Go Take A Long Hike, It Really Will Help Your Mental Performance
Getting away from it all -- and by all, we mean all electronics -- and heading off into the backcountry really can help your creativity.
Psychologists at the University of Utah and the University of Kansas collaborated on a study that found that backpackers scored 50 percent better on a creativity test after spending four days in nature without their iPhones, 'Droids, and MP3 players.
“This is a way of showing that interacting with nature has real, measurable benefits to creative problem-solving that really hadn’t been formally demonstrated before,” says David Strayer, a co-author of the study and professor of psychology at the University of Utah.
“It provides a rationale for trying to understand what is a healthy way to interact in the world, and that burying yourself in front of a computer 24/7 may have costs that can be remediated by taking a hike in nature.”
The study by Professor Strayer and University of Kansas psychologists Ruth Ann Atchley and Paul Atchley was scheduled for this week's publication of PLOS ONE, an online journal published by the Public Library of Science.
Don’t the results seem obvious?
“Writers for centuries have talked about why interacting with nature is important, and lots of people go on vacations,” says Professor Strayer. “But I don’t think we know very well what the benefits are from a scientific perspective.”
To hone in on those benefits, the psychologists pulled together 56 people – 30 men and 26 women – with an average age of 28. They participated in four- to six-day wilderness hiking trips organized by the Outward Bound expedition school in Alaska, Colorado, Maine and Washington state. No electronic devices were allowed on the trips.
Of the 56 subjects, 24 took a 10-item creativity test the morning before they began their backpacking trip, and 32 took the test on the morning of the trip’s fourth day.
The results: people who had been backpacking four days got an average of 6.08 of the 10 questions correct, compared with an average score of 4.14 for people who had not yet begun a backpacking trip.
“We show that four days of immersion in nature, and the corresponding disconnection from multimedia and technology, increases performance on a creativity, problem-solving task by a full 50 percent,” the researchers conclude.
However, they note that their study was not designed to “determine if the effects are due to an increased exposure to nature, a decreased exposure to technology or the combined influence of these two factors.”
While earlier research has indicated nature has beneficial effects, “it’s equally plausible that it is not multitasking to wits’ end that is associated with the benefits,” says Professor Strayer.
The results were controlled for age differences between the groups that took the test before and during the backpacking trip, because “as you get older, you have greater verbal abilities,” he addes.
The ‘Gentle, Soft Fascination’ of Nature
The researchers cited earlier studies indicating that children today spend only 15 to 25 minutes daily in outdoor play and sports, that nature-based recreation has declined for 30 years, and that the average 8- to 18-year-old spends more than 7.5 hours a day using media such as TV, cell phones and computers.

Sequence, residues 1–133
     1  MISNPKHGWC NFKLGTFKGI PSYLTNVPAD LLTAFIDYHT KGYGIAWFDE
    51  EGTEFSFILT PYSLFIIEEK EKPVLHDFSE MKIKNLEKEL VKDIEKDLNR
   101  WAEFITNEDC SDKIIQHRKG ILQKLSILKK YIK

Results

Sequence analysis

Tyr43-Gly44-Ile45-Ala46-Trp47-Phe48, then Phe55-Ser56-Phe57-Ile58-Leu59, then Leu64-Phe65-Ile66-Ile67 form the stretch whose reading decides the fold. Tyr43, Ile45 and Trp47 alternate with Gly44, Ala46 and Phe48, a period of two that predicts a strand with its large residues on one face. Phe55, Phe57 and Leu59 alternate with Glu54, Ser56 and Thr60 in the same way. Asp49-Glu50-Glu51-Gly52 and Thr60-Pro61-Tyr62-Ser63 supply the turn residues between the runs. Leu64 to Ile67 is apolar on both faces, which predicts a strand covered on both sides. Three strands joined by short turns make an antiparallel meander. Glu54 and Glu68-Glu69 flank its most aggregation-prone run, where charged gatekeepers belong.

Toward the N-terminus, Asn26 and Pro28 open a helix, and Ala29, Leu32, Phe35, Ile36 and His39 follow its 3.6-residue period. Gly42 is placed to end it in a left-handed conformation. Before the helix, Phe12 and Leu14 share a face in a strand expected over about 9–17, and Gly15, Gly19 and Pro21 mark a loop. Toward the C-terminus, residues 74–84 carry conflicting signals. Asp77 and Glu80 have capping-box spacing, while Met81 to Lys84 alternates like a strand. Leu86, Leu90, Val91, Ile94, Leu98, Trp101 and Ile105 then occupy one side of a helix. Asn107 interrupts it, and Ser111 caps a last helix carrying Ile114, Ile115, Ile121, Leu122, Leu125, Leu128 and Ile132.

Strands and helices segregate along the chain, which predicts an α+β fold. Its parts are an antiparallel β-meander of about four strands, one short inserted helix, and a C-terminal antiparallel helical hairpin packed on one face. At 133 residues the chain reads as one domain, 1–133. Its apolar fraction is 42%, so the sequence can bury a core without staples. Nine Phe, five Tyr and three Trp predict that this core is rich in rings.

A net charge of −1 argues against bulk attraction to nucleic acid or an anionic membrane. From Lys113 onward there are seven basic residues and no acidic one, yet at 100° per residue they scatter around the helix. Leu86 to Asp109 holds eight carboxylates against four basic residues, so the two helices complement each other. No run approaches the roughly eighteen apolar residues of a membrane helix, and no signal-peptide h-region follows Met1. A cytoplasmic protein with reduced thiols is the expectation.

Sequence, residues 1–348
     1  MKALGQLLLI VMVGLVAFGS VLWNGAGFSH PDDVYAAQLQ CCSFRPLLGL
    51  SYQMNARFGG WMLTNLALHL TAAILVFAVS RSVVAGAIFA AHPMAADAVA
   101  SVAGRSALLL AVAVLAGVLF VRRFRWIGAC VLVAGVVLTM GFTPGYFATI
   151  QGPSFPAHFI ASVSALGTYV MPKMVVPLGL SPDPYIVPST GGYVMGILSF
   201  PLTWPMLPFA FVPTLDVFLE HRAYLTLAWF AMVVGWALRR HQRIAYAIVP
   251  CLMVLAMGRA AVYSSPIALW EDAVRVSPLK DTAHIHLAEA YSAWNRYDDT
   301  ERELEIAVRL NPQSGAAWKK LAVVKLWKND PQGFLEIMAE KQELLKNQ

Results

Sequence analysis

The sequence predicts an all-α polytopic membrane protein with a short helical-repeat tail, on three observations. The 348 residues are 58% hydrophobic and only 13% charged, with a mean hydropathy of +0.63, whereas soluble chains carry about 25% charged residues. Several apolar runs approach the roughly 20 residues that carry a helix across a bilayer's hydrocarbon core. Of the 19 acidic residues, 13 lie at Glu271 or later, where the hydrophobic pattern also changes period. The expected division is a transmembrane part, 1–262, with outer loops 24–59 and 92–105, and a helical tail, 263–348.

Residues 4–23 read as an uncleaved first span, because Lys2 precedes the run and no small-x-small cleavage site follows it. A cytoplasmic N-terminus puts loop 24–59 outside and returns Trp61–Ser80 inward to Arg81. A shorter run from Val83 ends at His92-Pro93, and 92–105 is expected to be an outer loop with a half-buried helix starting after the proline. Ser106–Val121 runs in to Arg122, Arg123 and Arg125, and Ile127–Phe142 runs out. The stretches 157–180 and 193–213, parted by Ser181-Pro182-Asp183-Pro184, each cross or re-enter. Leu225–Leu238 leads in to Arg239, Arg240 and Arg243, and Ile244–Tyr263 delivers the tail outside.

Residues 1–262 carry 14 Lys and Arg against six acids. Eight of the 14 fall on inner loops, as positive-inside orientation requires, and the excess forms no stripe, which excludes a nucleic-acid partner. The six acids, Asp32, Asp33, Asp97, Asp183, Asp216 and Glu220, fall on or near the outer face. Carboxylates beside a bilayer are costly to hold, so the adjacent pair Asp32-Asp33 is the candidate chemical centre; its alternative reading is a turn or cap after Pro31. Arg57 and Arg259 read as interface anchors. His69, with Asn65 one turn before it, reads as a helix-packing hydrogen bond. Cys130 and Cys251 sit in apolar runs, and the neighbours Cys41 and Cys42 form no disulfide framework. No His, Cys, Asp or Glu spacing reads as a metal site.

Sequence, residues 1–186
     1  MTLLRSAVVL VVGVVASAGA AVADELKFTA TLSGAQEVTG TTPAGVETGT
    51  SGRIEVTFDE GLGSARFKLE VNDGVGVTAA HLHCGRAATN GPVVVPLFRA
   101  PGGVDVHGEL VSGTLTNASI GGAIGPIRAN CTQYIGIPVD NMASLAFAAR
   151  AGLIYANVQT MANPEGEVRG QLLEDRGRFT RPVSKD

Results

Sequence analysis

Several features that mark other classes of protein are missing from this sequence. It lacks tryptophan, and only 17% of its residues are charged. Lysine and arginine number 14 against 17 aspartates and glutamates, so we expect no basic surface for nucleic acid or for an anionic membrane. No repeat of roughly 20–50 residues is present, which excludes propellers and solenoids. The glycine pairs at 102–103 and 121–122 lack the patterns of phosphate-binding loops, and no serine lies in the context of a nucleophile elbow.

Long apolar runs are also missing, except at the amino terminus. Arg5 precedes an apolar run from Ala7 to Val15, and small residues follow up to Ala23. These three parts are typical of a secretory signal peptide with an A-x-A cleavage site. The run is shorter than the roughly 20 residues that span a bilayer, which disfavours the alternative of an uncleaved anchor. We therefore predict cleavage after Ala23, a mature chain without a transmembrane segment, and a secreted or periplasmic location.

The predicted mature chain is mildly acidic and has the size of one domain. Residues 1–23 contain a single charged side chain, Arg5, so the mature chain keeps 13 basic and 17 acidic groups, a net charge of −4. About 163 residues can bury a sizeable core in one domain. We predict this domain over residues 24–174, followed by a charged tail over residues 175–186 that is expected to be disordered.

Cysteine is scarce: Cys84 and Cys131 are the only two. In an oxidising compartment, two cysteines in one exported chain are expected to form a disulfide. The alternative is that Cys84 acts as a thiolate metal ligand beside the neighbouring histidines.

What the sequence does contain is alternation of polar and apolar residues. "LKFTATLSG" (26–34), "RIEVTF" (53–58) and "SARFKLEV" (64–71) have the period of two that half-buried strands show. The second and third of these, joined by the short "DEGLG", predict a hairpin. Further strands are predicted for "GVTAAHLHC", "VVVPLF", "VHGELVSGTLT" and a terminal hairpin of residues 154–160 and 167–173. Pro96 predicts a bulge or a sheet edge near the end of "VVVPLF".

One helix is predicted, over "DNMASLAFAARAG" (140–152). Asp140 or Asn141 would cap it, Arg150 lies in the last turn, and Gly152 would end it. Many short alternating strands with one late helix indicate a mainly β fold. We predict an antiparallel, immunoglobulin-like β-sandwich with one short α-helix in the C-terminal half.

They also cite earlier work on “attentional restoration theory,” which holds that modern technology and multitasking place demands on our “executive attention” – the ability to switch among tasks, stay on task and inhibit distracting actions and thoughts – and that nature is effective in replenishing such abilities.
“Our modern society is filled with sudden events (sirens, horns, ringing phones, alarms, television, etc.) that hijack attention,” the psychologists wrote. “By contrast, natural environments are associated with gentle, soft fascination, allowing the executive attentional system to replenish.”
Earlier work has showed that going on a hike can improve proofreading, the ability to see a certain optical illusion and the ability to repeat digits backwards after hearing a list of digits. But Professor Strayer says none of those abilities provide a standard measure of executive attention or creativity.
The University of Utah psychologist says he and the Atchleys did a trial run for the study in May 2010 by conducting a variety of creativity tests on themselves during a five-day backpacking trip in southern Utah’s Grand Gulch. Outward Bound trips for the study then were conducted during the summer of 2010.
The researchers decided on a decades-old test known as the Remote Associates Test, or RAT, that is a standard measuring tool for creative thinking and problem-solving. These abilities are believed to arise in the same prefrontal cortex area of the brain that is overtaxed by constant demands on our attention in our technological environment.
In this untimed test, participants get 10 sets of three words. For each set they must come up with a fourth word that is tied to the other three. For example, an answer to SAME/TENNIS/HEAD might be MATCH (because a match is the same, tennis match and match head).
Unlike other studies, where subjects were tested in labs after brief periods outdoors, “the current study is unique in that participants were exposed to nature over a sustained period and they were still in that natural setting during testing,” the researchers write.